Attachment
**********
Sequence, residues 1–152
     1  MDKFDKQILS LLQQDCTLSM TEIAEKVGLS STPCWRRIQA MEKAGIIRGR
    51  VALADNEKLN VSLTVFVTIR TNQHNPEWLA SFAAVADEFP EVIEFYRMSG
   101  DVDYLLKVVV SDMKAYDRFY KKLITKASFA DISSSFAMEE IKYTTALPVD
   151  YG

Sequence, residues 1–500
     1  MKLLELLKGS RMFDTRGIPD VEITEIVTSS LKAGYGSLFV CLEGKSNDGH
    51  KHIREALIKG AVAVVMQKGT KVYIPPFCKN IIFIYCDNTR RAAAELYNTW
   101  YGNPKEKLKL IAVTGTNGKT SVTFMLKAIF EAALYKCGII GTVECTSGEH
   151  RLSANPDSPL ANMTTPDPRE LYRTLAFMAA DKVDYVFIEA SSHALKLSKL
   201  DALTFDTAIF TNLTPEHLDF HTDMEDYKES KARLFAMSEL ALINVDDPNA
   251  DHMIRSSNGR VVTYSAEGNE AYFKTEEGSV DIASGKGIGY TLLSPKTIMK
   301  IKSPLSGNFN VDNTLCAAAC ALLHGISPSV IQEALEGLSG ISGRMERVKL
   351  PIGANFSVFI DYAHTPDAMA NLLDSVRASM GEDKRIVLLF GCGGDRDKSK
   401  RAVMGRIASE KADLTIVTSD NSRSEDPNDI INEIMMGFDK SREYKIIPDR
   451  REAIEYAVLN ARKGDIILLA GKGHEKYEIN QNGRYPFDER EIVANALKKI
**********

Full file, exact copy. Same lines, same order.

Sequence, residues 1–152
     1  MDKFDKQILS LLQQDCTLSM TEIAEKVGLS STPCWRRIQA MEKAGIIRGR
    51  VALADNEKLN VSLTVFVTIR TNQHNPEWLA SFAAVADEFP EVIEFYRMSG
   101  DVDYLLKVVV SDMKAYDRFY KKLITKASFA DISSSFAMEE IKYTTALPVD
   151  YG

Sequence, residues 1–500
     1  MKLLELLKGS RMFDTRGIPD VEITEIVTSS LKAGYGSLFV CLEGKSNDGH
    51  KHIREALIKG AVAVVMQKGT KVYIPPFCKN IIFIYCDNTR RAAAELYNTW
   101  YGNPKEKLKL IAVTGTNGKT SVTFMLKAIF EAALYKCGII GTVECTSGEH
   151  RLSANPDSPL ANMTTPDPRE LYRTLAFMAA DKVDYVFIEA SSHALKLSKL
   201  DALTFDTAIF TNLTPEHLDF HTDMEDYKES KARLFAMSEL ALINVDDPNA
   251  DHMIRSSNGR VVTYSAEGNE AYFKTEEGSV DIASGKGIGY TLLSPKTIMK
   301  IKSPLSGNFN VDNTLCAAAC ALLHGISPSV IQEALEGLSG ISGRMERVKL
   351  PIGANFSVFI DYAHTPDAMA NLLDSVRASM GEDKRIVLLF GCGGDRDKSK
   401  RAVMGRIASE KADLTIVTSD NSRSEDPNDI INEIMMGFDK SREYKIIPDR
   451  REAIEYAVLN ARKGDIILLA GKGHEKYEIN QNGRYPFDER EIVANALKKI